Directed by: Ethan and Joel Coen
Starring: Jeff Bridges, Matt Damon, Josh Brolin, Hailee Steinfeld
For book review and synopsis go here
I left my book review of this work pretty short because I knew there was quite a bit I wanted to discuss about the film and I didn't want the content to overlap too much between them. I suppose to start I should say that the film is very faithful to the book, there are many, many lines taken directly from the book's dialogue and they managed to capture the characters that were so alive and brash in the book brilliantly. I read in an interview with Jeff Bridges that the Coen brothers had told him not to watch the John Wayne film but to read the book and that would give him all he needed to know about his character. Hearing something like that is usually a good sign. I've read interviews when the actor hasn't read the book because the director doesn't want him to get confused and start acting like the character from the book...sorry isn't that the point of adapting from a book?! There was only one incident that deviated from the book which I'll touch on in a little bit (it's a bit spoiler-ish so I don't want to scare people off from reading this review!) but first I want to discuss the actors and their characters in a bit of detail.
Steinfeld was supported by an incredible cast. Josh Brolin (as the villain Chaney) was phenomenal as per usual, as Jeff Bridges did such an amazing job as the drunken hard-ass Rooster Cogburn (though it was hard to understand his muttered accent at times) but who I really wanted to talk about was Matt Damon and his character in the film, LaBeouf. It's only recently that I've been able to tear Damon away from the "MATT. DAMON" Team America depiction. I'd enjoyed him in previous roles but I think it was the combination of the Team America rip and the flux of action and crappy films he did for awhile that sort of clouded him as an actor for me. Because of this little prejudice of mine I'm always surprised when I see him in a film and like him. This was one of those films. He melted into his character superbly and if I hadn't known he was in the film I possibly would have had trouble recognising him from time to time.
So alongside Chaney, LaBeouf becomes a bit of an enemy of Matties, especially when he tries to negate the arrangement she'd made with Rooster Cogburn and set up a new one with the two men working together to share the spoils. He's equal measures hard-ass, proper, pompous, eccentric (ish) and insulting (to everyone) and Matt Damon plays the part to perfection. He had the hoitey-toitey "I'm a Texas Ranger and you're a little girl child and lowly Marshall" air down pat, and he mixed it with this sensational dry sense of humour and...I want to say self-consciousness, but I'm not sure if that was right. His verbal sparring with Mattie is hilarious and some of the high points of the film for me. One of my favourite little spars takes place when they've first met and Mattie revealed she had hired a Marshall to head into the Indian Territory with him to catch Chaney. After a slick bit of banter between the two of them (with him on the losing side) he concludes with;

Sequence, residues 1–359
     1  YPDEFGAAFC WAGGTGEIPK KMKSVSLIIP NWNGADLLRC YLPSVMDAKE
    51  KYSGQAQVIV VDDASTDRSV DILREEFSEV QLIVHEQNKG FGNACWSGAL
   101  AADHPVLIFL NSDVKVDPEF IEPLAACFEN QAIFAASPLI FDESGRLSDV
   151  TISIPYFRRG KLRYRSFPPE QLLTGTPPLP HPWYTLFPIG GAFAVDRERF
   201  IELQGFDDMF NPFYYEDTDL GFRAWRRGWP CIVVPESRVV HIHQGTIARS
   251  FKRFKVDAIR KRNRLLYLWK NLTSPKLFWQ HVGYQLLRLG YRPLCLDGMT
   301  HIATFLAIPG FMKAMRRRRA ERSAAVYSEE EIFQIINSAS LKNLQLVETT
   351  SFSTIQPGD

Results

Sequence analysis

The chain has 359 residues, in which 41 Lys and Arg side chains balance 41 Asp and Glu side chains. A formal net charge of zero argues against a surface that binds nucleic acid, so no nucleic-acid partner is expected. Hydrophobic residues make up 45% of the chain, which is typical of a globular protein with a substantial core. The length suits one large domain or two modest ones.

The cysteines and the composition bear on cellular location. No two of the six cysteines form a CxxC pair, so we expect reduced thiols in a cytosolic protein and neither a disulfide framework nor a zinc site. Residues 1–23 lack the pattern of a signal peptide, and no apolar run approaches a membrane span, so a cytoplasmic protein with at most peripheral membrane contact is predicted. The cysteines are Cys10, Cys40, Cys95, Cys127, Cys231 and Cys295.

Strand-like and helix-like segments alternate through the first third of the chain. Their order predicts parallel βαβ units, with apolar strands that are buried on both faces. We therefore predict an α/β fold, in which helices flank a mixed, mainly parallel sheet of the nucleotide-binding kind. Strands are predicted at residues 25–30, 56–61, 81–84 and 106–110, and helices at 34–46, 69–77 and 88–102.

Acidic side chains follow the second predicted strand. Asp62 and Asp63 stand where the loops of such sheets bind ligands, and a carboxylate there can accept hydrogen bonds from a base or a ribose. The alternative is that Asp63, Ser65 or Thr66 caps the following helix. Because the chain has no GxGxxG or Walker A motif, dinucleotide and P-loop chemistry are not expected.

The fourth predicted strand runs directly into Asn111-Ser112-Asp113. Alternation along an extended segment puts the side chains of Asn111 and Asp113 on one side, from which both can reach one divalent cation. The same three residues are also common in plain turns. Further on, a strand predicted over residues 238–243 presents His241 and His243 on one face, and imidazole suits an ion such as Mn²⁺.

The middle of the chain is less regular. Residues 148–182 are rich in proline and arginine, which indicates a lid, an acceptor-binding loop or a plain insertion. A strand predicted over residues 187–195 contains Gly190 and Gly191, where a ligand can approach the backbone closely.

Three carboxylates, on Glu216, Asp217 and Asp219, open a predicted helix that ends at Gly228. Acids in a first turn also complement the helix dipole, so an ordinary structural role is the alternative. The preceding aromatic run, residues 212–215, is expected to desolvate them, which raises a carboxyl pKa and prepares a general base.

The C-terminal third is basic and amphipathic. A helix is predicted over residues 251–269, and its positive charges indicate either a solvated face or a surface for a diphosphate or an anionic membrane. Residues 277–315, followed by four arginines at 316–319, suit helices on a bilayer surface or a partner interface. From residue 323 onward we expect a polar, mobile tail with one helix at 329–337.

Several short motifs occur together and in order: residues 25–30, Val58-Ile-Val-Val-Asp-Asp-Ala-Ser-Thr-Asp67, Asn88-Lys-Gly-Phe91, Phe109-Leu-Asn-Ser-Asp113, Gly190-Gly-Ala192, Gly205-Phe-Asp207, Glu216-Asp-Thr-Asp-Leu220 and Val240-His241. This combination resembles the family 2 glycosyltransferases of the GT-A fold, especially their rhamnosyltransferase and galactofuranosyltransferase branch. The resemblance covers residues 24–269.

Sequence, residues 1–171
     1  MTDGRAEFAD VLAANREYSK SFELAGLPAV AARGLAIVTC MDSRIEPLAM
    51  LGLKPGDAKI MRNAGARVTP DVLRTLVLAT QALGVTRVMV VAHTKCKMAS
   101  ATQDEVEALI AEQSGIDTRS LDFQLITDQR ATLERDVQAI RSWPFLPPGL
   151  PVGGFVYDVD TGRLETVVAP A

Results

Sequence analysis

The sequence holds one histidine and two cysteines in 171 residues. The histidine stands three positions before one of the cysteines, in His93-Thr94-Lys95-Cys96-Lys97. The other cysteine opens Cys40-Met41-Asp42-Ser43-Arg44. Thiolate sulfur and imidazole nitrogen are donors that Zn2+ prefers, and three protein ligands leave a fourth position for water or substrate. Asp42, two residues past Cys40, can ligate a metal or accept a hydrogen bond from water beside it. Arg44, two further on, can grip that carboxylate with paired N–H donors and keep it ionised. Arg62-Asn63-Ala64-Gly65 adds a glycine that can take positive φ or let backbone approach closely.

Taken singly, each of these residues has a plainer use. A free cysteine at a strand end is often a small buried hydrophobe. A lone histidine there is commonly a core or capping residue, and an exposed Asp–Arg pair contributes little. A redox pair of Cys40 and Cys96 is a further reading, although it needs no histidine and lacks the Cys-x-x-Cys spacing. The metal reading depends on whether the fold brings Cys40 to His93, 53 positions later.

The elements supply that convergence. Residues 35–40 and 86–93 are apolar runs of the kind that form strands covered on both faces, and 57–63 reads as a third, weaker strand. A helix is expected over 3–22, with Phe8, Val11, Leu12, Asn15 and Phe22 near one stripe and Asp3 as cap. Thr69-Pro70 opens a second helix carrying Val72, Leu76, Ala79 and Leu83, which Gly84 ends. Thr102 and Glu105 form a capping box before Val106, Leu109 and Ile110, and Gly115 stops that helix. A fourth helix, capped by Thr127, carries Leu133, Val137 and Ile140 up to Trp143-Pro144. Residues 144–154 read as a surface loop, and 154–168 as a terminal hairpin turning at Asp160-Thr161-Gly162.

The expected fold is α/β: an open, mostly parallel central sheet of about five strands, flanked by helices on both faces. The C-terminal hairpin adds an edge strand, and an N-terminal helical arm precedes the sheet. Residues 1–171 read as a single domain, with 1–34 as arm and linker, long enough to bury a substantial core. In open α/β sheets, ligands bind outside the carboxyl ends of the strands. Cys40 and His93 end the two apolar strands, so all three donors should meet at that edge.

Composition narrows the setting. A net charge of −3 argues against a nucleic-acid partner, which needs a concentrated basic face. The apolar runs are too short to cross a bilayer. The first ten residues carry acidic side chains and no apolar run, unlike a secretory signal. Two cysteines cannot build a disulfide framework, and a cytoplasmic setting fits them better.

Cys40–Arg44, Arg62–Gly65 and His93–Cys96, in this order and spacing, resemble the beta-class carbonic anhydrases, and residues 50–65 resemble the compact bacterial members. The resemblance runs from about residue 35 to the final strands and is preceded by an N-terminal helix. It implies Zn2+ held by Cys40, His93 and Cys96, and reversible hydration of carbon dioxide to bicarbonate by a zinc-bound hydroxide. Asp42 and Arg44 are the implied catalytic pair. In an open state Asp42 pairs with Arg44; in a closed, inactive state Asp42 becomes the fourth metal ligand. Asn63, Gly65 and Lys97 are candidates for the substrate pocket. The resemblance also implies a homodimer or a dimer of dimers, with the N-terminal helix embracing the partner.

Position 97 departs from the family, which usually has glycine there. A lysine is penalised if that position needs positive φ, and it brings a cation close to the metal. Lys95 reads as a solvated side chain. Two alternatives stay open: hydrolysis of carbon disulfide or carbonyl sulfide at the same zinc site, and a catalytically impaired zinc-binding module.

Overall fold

"Earlier tonight I gave some thought to stealing a kiss from you, though you are very young, and sick and unattractive to boot, but now I am of a mind to give you five or six good licks with my belt,"This line is in the book as well and got a laugh from me there as well, but it was the combination of the bizarreness of a Texas Ranger acknowledging wanting to kiss a 14 year old (that knowledge seemed to come out of thin air), the hilarity of the insults he dishes out and his switch from prospective lover to father-figure with the way that Matt Damon played out that scene that had me almost in hysterics. It also does a good job of summing up their relationship in the film and the book for me.
I can understand why they added the separation of the group in the film. it added suspense and drove the film forward and I think it actually aided in fleshing out the characters a bit more (since films never get that internal monologue or teeny details or side plots that books are filled with) so I'm definitely not criticising the move. I just thought it was interesting to note, and if anyone else has seen the film and read the book I'd love to hear in the comments what you thought of the split. I think what was important about the split not being an issue for me was that it didn't change the general structure of the book at all. After they split everything proceeded as normal except that LaBeouf's voice was absent until the ambush, and even then his role, though different, was essentially the same. In both the book and the film it was because of him the group of outlaws were able to get away, and whether it was an errant shot on his part (the book) or him getting in the way and getting shot (film) the direction it moved the story into was the same.
Overall though this is one of those wonderful times that a film lives up to the greatness of the novel and doesn't make any severe modifications to the content. I'd recommend this film to anyone, seriously, anyone who watches films. It was a perfect addition into the Coens Brother canon of work (seriously, I think Portis wrote this after visiting the future via TARDIS or DeLorean and meeting them) the acting was sensational, the storyline interesting, the dialogue sharp and witty and it was visually stunning. A solid film that deserves multiple viewings.
My Rating: 4.5/5